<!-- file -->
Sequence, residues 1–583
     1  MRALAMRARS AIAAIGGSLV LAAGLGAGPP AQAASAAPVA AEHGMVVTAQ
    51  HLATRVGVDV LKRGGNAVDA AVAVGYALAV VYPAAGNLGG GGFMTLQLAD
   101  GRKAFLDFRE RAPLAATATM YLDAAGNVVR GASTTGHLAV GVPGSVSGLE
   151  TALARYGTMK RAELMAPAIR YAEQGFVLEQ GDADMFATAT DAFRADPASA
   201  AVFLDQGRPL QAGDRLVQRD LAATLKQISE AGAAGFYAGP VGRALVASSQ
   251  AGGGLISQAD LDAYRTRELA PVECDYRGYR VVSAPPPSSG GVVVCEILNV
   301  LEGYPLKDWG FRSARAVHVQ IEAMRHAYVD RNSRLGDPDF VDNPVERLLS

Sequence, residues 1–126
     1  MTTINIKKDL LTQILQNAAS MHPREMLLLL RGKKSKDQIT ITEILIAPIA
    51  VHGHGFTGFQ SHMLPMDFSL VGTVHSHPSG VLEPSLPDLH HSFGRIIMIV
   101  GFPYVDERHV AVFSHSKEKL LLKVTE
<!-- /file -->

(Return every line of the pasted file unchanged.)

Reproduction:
Sequence, residues 1–583
     1  MRALAMRARS AIAAIGGSLV LAAGLGAGPP AQAASAAPVA AEHGMVVTAQ
    51  HLATRVGVDV LKRGGNAVDA AVAVGYALAV VYPAAGNLGG GGFMTLQLAD
   101  GRKAFLDFRE RAPLAATATM YLDAAGNVVR GASTTGHLAV GVPGSVSGLE
   151  TALARYGTMK RAELMAPAIR YAEQGFVLEQ GDADMFATAT DAFRADPASA
   201  AVFLDQGRPL QAGDRLVQRD LAATLKQISE AGAAGFYAGP VGRALVASSQ
   251  AGGGLISQAD LDAYRTRELA PVECDYRGYR VVSAPPPSSG GVVVCEILNV
   301  LEGYPLKDWG FRSARAVHVQ IEAMRHAYVD RNSRLGDPDF VDNPVERLLS

Sequence, residues 1–126
     1  MTTINIKKDL LTQILQNAAS MHPREMLLLL RGKKSKDQIT ITEILIAPIA
    51  VHGHGFTGFQ SHMLPMDFSL VGTVHSHPSG VLEPSLPDLH HSFGRIIMIV
   101  GFPYVDERHV AVFSHSKEKL LLKVTE